Pinkston, known as something of a political bulldog during his Bredesen days, raised some eyebrows when he announced his candidacy in the spring. He cited his involvement in education reform with Bredesen, adding, “The biggest opportunities for change actually are at the local level.” He said that working in the second-largest school system in the state — and the local district where he attended Overton High School — is a way to give back.
Pinkston, endorsed by the chamber and MNEA, pointed to supporting teachers through higher-quality professional development as an area the board should address. He called the recent move to bump teachers’ starting salaries a positive step toward improved teacher recruitment and retention.
“The next school board has tremendous opportunities and significant challenges in front of it, and it needs people who are familiar with the issues, who are ready to serve, and who have a stake in the system and community,” Pinkston said.
Wilkins, who has SEIU’s backing, said he decided to enter into this race following volunteer work at the state legislature. “We spend a lot of money, and we’re getting a low report card from the state, and we have failing schools, and a high dropout rate,” Wilkins said. “That says that something is not clicking right.”
Asked about his thoughts on Register, Wilkins criticized the superintendent: “It’s under his leadership that we have these low scores. That’s all I can say about that. You’re only as good as your leader.
“The support staff that I talk to from time to time, they’re sitting down on pins and needles because they don’t know whether they’re going to be moved or even replaced,” he said.
The City Paper was unable to reach Sharp for an interview.
District 3: Three candidates, three outlooks
The race for District 3 positions pits Jarod DeLozier, a 32-year-old coffee shop owner, versus two longtime Metro school employees: Jill Speering, a retired teacher of 35 years, and Fred Lee, who worked as a teacher school counselor and coach for 33 years collectively.
The district, whose seat is currently held by departing board member Mark North, stretches from Inglewood, through Madison up to Goodlettsville.
DeLozier, a father of two who owns Ugly Mugs Coffee & Tea in East Nashville, said the idea of running for school board originated from talking to patrons at his shop who have shared a “whole spectrum” of attitudes about Metro schools. “It’s not always negative,” he said. “But we’ve also had regular customers who’ve decided to live out of county when their kids got to school age.
“What I don’t bring is a bunch of history from being in the system for a long time,” said DeLozier, whose one school-age child attends Dan Mills Elementary School. “For me, as a parent, that’s a good thing, a fresh perspective.”
DeLozier, who has earned the support of the chamber and the pro-charter Great Public Schools PAC, said he’s “open” to charters but added he’s “open to anything that’s on the table” to make MNPS a better system. “The state is sending a really clear message about the fact that we’re going to have charters as part of our system,” he said. “So I think the role of the board is going to be to discern how they’re going to work in our system, what role do we want them to play.”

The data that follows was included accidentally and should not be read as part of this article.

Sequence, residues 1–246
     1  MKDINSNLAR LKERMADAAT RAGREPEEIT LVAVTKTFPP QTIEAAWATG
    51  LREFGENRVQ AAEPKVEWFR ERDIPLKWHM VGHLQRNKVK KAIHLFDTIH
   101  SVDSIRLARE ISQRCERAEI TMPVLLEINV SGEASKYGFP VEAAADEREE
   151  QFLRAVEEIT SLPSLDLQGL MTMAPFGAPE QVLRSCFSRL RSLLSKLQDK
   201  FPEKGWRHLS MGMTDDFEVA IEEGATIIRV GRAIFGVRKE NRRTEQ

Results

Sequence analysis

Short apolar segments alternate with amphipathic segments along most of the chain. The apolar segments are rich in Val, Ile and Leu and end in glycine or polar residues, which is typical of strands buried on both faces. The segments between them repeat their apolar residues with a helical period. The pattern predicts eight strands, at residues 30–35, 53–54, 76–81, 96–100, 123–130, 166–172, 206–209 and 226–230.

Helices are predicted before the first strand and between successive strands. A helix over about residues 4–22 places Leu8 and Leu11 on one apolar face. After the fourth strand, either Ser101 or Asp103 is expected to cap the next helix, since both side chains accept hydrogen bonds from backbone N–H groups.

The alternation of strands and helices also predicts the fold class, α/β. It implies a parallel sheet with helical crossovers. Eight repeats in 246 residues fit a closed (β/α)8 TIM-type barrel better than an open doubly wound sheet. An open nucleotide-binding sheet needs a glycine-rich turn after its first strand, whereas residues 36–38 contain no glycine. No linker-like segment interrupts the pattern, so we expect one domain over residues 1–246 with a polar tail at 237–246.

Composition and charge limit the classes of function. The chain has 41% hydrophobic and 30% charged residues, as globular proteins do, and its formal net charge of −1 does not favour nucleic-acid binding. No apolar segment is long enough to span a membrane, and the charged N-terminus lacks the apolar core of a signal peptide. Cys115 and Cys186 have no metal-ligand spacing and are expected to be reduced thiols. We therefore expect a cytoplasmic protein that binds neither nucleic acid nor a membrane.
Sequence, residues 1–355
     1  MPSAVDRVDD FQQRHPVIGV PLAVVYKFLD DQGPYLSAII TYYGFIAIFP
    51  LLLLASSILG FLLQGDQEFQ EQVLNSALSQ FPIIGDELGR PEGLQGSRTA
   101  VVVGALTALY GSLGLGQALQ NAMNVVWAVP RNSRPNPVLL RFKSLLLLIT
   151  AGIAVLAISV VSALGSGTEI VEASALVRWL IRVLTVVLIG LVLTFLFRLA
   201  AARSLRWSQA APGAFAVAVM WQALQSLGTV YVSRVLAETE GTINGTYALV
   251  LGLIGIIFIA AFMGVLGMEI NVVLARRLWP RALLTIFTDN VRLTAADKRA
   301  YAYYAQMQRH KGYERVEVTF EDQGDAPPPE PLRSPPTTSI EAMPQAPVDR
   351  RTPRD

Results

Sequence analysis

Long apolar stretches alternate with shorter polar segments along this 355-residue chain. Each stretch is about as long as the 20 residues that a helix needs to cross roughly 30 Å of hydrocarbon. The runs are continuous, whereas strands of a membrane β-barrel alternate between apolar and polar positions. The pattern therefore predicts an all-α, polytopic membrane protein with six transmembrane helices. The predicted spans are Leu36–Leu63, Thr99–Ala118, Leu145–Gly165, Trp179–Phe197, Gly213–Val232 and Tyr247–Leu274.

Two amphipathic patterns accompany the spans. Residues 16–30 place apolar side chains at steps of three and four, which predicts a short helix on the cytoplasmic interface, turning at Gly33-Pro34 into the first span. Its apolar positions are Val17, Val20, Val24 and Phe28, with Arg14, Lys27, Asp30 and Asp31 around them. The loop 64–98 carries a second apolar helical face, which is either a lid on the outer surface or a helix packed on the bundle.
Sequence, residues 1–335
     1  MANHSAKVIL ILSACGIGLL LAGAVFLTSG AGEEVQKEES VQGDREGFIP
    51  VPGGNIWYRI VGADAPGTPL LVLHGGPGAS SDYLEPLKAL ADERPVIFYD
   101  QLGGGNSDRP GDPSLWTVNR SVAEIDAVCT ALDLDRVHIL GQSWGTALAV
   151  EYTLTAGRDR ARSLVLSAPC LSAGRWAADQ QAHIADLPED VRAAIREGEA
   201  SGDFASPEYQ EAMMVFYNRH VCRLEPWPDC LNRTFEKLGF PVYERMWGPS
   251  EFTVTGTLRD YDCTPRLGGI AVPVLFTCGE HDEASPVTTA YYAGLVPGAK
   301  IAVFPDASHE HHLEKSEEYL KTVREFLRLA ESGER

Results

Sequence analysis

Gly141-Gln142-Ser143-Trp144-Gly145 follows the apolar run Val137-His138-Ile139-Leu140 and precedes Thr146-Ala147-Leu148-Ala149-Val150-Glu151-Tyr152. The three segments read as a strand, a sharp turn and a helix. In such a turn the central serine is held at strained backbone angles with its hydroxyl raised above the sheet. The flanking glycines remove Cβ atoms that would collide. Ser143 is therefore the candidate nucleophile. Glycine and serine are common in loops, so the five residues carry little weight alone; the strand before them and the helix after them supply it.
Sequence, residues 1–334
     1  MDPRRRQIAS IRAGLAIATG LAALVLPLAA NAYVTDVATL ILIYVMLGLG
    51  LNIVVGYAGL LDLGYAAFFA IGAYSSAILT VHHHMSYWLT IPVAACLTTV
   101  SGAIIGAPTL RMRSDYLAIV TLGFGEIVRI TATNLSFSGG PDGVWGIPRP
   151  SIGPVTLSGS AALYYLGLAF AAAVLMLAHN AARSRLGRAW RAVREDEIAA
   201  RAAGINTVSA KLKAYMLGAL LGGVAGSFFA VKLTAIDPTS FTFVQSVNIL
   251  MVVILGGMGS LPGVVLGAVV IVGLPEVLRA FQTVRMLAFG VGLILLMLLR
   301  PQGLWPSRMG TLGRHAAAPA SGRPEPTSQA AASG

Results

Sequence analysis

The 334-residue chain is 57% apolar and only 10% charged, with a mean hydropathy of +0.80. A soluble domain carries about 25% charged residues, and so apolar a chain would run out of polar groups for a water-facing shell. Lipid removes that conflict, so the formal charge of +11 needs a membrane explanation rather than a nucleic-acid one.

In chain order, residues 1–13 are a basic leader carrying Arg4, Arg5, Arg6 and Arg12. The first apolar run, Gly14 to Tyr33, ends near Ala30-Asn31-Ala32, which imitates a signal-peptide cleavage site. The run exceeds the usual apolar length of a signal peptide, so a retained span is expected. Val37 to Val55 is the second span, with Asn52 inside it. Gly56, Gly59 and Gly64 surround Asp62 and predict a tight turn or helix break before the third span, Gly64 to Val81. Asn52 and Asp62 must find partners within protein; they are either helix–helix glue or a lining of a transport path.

Speering, who spent 25 years in Metro schools, said as a teacher she “identified kids falling between the cracks” and felt it her responsibility to ensure that no kids fall behind, particularly in the area of reading and writing. “We’ve been talking about closing the achievement gap for the 25 years that I’ve been in Metro schools, and I’m not sure we’re much closer than we were 25 years ago.”
Speering said she believes instruction is geared too much toward state-mandated TCAP test. Endorsed by the MNEA, she said teachers lack adequate support, citing the state’s decision to strip collective bargaining rights from the union. Speering said she generally supports charter schools as offering great choice but she has some concerns.
“Nationally speaking, only 17 percent of charter schools are doing better than their local counterparts,” Speering said. “It’s not a panacea, and I’m afraid some organizations do see it as a panacea.”
Lee, a licensed attorney endorsed by SEIU, is an adjunct professor at Tennessee State University. “Everything I’ve done in my life points toward it,” Lee said of his school board run, adding that it provides a way to give back to the community where he grew up.
Lee said the “honeymoon period” is about over for Register, arguing the superintendent needs to “start standing up” to special interest groups: He named the mayor and the chamber.
Lee cited “choice” as one of the school district’s biggest needs, particularly additional academic magnet schools without sacrificing diversity. “We need to slowly move these magnet schools further into the suburbs, which are now more diverse than they’ve ever been,” he said.
Lee said he also supports the expansion of the International Baccalaureate program. He’s wary of charters. “What I’m finding out about charters schools, I’m not liking,” he said.